This has been a real crowd pleaser, and I am becoming quite the face painter. I purchased the Melissa and Doug Deluxe Face Paint Set for $14.99 on and have no regrets. My kids have been a witch, a zombie, a bunny, a magician and more. My only complaint has been the orange and yellow paint does not show up well on brown skin and needs more pigment; note to self to write to Melissa & Doug on a break from camp. My face-painting skills have gotten so good it might be time for a side hustle when Hershey Park opens again. Although charging $49.99 per kids seems outrageous…or maybe not.

5. Paint anything else—except the walls.

Along with sidewalk chalk, I have plenty of paint and brushes on hand. And after we paint our faces, we paint everything (just not the walls). Amazon and Target boxes are transformed into cars. Paper bags become puppets. Toilet and paper towel rolls become wizard wands. Rocks become animals. Empty milk cartons become robots. Paper plates are used for self-portraits. We paint and paint and paint some more.

6. Fold laundry.

My kids suddenly like to do laundry. And you won’t hear me complaining. After they wash the paint off their hands, they help start the washer and put clothes into the dryer. We watched some YouTube videos on folding, which didn’t work out so well, so I let them fold however they can, and stick the clothes in their drawers and in their closet. And I let them fold my clothes too. If they are wrinkled, who cares? We’re living in a pandemic; no one is judging our wrinkled outfits.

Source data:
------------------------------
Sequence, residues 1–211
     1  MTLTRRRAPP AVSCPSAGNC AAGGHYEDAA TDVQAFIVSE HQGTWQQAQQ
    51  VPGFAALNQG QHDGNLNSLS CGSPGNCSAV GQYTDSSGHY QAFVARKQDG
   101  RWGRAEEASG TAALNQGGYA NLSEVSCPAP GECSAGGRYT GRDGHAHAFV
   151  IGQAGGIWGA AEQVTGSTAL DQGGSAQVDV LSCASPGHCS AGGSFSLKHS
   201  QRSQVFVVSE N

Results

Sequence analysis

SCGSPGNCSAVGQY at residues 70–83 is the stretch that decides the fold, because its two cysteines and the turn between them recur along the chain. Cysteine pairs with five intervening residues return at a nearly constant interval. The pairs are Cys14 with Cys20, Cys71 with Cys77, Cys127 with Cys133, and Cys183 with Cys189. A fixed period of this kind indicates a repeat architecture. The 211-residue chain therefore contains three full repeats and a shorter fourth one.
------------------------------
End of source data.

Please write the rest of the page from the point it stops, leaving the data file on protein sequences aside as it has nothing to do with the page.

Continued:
7. Give long baths.

No limits on bathtime anymore. They can come out soaked and prune-like. I let them put on their swimsuits and play together with fizzy bombs, sailboats, buckets and whatever toys we can find. In the absence of a pool, a bathtub does the trick—even if on some days it’s a bit dirty. You can even sit beside the kids on your laptop to get work done while they (gently) splash.

8. Read Harry Potter for the first time.

I was never a Harry Potter fan. Never read the books. I think I saw the first movie—I can’t remember. And then this summer my 7-year-old son became interested in reading the books. And so we bought the first one, and every day read it together for 30 minutes. And now I am a Harry Potter convert and can’t wait to get to the second book.

9. Rediscover Disney movies.

You can’t survive a summer pandemic in the city without Disney+. We have watched so many movies together for the first time including Big Hero Six which is my daughter’s favorite. It has been more fun than I would have ever expected to watch movies with them that I have already seen. I get to watch Cinderella, Sleeping Beauty and Snow White again, all through their eyes, and watch them enjoy the movies for the first time.

10. Give yourself mandatory alone time.

Every day for 30 minutes in the morning and in the afternoon, we have mandatory alone time. This is a must for kids and adults. You can make a snack. You can color, draw or read a book. You can sit quietly in the corner. You can pass out on the couch. Whatever you do, you must do it alone for 30 minutes. Because we all need alone time. The only way to survive this summer is to recharge and regroup—and wait for fall to arrive in a few weeks.

Originally published on Working Mother.